What seemed like the proverbial “good idea at the time” proved not to be, at least from the car’s perspective. Time and corrosion ultimately fatigued the chains and the hapless Bugatti broke loose of those reins, sinking to the lake bottom approximately 170 feet down. It came to rest on its left side, the wheels, fenders, and some portions of the bodywork compressing into the soft silt and mud on the lake bottom. Locals had never forgotten the story of the “The Lady in the Lake” and once it was located, it became a popular attraction for recreational divers. Among them was a young local named Damiano Tamagni.

Tamagni was attending the Carnival festival in Locarno, Switzerland on February 1, 2008 when he was set upon by at least three thugs who beat him severely. The 23 year-old Tamagni died as the result of his injuries from that savage attack. The motives for this murderous crime are not fully known; it may have been a robbery gone awry, and some speculate the act may have been a hate-related for Tamagni either being gay or perceived as such. No matter, local divers and Tamagni’s family began taking steps to rescue the Bugatti from the depths of Lake Maggiore, and auction it off to benefit the charitable foundation established in Tamagni’s name, its mission being to combat youth violence.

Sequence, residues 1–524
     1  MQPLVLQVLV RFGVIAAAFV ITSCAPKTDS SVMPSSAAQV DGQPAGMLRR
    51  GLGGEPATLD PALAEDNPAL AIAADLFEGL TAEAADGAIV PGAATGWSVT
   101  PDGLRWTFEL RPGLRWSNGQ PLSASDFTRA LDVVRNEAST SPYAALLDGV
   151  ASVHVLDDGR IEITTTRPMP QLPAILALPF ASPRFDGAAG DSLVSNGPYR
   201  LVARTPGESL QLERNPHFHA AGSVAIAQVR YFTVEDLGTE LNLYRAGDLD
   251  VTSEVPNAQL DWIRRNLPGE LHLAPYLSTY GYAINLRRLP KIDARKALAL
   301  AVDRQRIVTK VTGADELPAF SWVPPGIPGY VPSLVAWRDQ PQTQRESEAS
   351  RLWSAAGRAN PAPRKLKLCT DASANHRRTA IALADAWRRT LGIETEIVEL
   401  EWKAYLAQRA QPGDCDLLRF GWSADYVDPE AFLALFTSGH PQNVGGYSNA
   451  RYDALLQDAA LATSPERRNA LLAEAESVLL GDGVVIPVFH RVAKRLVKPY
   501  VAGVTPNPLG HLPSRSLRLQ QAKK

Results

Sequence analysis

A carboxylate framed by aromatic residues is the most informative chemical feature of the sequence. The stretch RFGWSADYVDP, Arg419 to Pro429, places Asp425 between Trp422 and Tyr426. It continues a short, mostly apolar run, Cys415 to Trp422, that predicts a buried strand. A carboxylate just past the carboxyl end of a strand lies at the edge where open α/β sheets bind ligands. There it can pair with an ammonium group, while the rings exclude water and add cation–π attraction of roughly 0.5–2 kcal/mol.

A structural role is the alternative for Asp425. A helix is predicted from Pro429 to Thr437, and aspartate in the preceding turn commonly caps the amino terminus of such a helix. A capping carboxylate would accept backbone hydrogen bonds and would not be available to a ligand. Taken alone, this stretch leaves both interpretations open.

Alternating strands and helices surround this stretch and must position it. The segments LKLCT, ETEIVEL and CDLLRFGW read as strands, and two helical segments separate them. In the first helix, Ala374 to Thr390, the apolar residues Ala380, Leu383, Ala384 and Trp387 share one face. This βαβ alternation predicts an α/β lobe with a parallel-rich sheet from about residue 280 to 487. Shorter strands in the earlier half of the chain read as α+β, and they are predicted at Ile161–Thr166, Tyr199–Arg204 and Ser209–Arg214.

On its tethers, ready to be rested from the lake

Bringing the car to the surface of the lake proved to be a complex engineering and logistical undertaking that ultimately took nearly a year, with the goal of the car being sold by Bonhams auction house at its annual sale at the Retromobile classic car event in Paris in early 2010. The three prime protagonists in the rescue and exhumation effort were local diver/adventurers Jens Boerlin, Nicola Sussigan, and Stefano Mattei. Despite occasional bad bouts with weather, and the sinking of a floating platform built for which to work and help guide the car back to the surface, the team got the job done on July 12, 2009, to the cheers, tears, and applause of several thousand spectators. Although the car had certainly suffered from decades of submersion, a fair amount of the car remained intact; far more than if it had been in the ocean; Lake Maggiore is a fresh water lake, and the corrosive effects of ocean saltwater would have been dramatically more destructive. Oddly enough, the left side of the car, which had been pressed into the silty lake bed, was relatively well preserved. But the right side of the car, exposed to the open water and to any bacteria choosing to feast on the metal, wood, rubber, and other components of the car, suffered considerably more decay.

Damaged wheels and missing tires prevented the car from being moved easily around, so Bonhams’ constructed a relatively simple metal framed dolly so the fragile chassis could be moved and transported without risking further damage. The car was also washed in order to remove the worst of the mud and silt impacted into the chassis, and minimizes their potentially corrosive effects.